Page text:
Our live coverage of Russia's war in Ukraine has moved here.
Ukrainian President Volodymr Zelensky has made a blistering attack on former US Secretary of State Henry Kissinger, who suggested on Tuesday that peace negotiations should be aimed at creating borders along the "line of contact" in Donbas as it existed on the eve of the Russian invasion.
Kissinger was speaking by video link to the Davos Forum.
In a video message Wednesday, Zelensky said, "No matter what the Russian state does, there is someone who says: 'let's take into account its interests.' This year in Davos, it was heard again. Despite thousands of Russian missiles hitting Ukraine. Despite tens of thousands of Ukrainians being killed. Despite Bucha and Mariupol, etc. Despite the destroyed cities. And despite the 'filtration camps' built by the Russian state, in which they kill, torture, rape and humiliate like on a conveyor belt.
"Russia has done all this in Europe. But still, in Davos, for example, Mr. Kissinger emerges from the deep past and says that a piece of Ukraine should be given to Russia."
In his remarks, Kissinger said of the conflict that: “Negotiations need to begin in the next two months before it creates upheavals and tensions that will not be easily overcome. Ideally, the dividing line should be a return to the status quo ante,” apparently suggesting that Ukraine agree to give up much of the Donbas and Crimea.
"Pursuing the war beyond that point would not be about the freedom of Ukraine, but a new war against Russia itself," Kissinger said.
Zelensky compared Kissinger's views to appeasement of Nazi Germany in 1938.
"It seems that Mr. Kissinger's calendar is not 2022 but 1938, and he thought he was talking to an audience not in Davos but in what was then Munich," he said. "By the way, in the real year 1938, when Mr. Kissinger's family was fleeing Nazi Germany, he was 15 years old."
Zelensky called those who advise that Ukraine give something to Russia, the "'great geo-politicians,' do not always want to see ordinary people. Ordinary Ukrainians. Millions of those who actually live in the territory they are proposing to exchange for the illusion of peace. You always have to see people."
British Foreign Secretary Liz Truss is traveling to Bosnia and Herzegovina on Thursday, where she will use an address to the Armed Forces of Bosnia and Herzegovina (BiH) to urge the UK's Western partners to ensure Russian President Vladimir Putin loses in Ukraine, the Foreign Office said in a statement late Wednesday.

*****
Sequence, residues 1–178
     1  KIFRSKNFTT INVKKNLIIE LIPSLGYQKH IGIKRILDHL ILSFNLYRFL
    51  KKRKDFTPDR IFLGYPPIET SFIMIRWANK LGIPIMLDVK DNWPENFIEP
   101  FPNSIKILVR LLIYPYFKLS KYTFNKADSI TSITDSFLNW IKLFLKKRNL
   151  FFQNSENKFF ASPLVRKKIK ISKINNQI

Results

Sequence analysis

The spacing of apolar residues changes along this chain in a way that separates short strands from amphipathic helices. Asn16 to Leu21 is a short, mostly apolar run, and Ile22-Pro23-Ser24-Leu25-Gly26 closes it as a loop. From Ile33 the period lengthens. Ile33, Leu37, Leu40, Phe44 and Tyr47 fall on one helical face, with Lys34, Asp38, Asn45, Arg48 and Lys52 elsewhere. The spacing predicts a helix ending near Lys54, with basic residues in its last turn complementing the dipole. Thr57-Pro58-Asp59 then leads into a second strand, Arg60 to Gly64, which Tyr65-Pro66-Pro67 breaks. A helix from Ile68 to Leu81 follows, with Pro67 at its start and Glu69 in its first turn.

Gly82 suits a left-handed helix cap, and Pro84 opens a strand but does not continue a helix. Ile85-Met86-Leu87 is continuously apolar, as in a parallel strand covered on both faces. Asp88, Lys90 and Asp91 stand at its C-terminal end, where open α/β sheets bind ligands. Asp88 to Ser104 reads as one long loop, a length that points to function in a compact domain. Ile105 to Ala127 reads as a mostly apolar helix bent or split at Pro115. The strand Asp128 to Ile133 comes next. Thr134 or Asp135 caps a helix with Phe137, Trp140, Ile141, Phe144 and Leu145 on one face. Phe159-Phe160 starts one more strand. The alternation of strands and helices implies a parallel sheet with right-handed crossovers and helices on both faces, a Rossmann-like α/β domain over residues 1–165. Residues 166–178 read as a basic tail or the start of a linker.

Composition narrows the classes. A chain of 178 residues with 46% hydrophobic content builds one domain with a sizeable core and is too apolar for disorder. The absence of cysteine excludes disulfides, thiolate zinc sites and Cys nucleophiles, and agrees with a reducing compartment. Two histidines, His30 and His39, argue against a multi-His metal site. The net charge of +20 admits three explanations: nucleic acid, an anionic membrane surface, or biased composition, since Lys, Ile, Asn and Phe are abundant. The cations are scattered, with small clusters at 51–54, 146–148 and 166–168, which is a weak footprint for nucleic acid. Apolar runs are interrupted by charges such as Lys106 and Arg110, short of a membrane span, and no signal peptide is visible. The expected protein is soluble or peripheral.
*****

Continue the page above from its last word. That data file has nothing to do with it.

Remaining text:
Truss will also warn against appeasing the Russian leader, the release added.
“Russia’s aggression cannot be appeased. It must be met with strength”, she will say according to the Foreign Office. “We must be relentless in ensuring Ukraine prevails through military aid and sanctions. We can’t take our foot off the accelerator now."
President Vladimir Putin has announced that state pensions and the minimum wage will rise substantially in Russia from June 1.
According to the state news agency TASS, Putin made the announcement at a meeting of the State Council.
"We discussed this issue with the government for a long time, there were differences within the government and a solution was worked out," he said according to TASS. “I propose to increase the pensions of non-working pensioners by 10% from June 1."
"Our main task is to ensure [a] further increase in the minimum wage, so that the citizens’ income level would significantly exceed the size of the subsistence rate," he added.
Some background: Pensions were raised by 8.6% at the beginning of the year, but inflation has risen sharply this year. Putin said it was currently 17.5% but would decline to 15% by the end of the year. However, he denied that the spike in inflation was related to the conflict in Ukraine.
"The current year is not easy. Since its beginning, cumulative inflation has exceeded 11%. But when I say 'not easy' this does not mean at all that all these difficulties are associated with this special military operation, because in countries that do not conduct any operations, say, across the ocean, in North America, in Europe, inflation is comparable. And if you look at the structure of their economy — it’s even more than ours, and in some neighboring countries, it’s many times higher," Putin said.
Prince Charles has paid a visit to a Ukrainian refugee center in Romania, according to a news release from Clarence House.
Prince Charles joined Her Majesty Margareta, custodian of Romanian Crown, in “the visit to the Romexpo Donation Center for Ukrainian refugees in Bucharest, to see at first hand the excellent response of the Romanian authorities and of international and local organizations to the humanitarian crisis in Ukraine,” according to the news release.
As part of the visit, they spoke to “Ukrainians who have fled the horrors of war in Ukraine,” Clarence House said.
The center has been seeing a “steady increase” in the number of Ukrainian refugees it has welcomed since the Russian invasion of Ukraine began, Clarence House said.
Romania has welcomed one of the highest numbers of Ukrainian refugees in Europe, according to data from the UN Refugee Agency (UNHCR). As of May 24, 972,203 Ukrainian refugees have arrived in Romania, according to the latest UNHCR update.
This latest visit from Prince Charles “follows a series of engagements” undertaken “in recent months in support of the Ukrainian community,” according to the news release.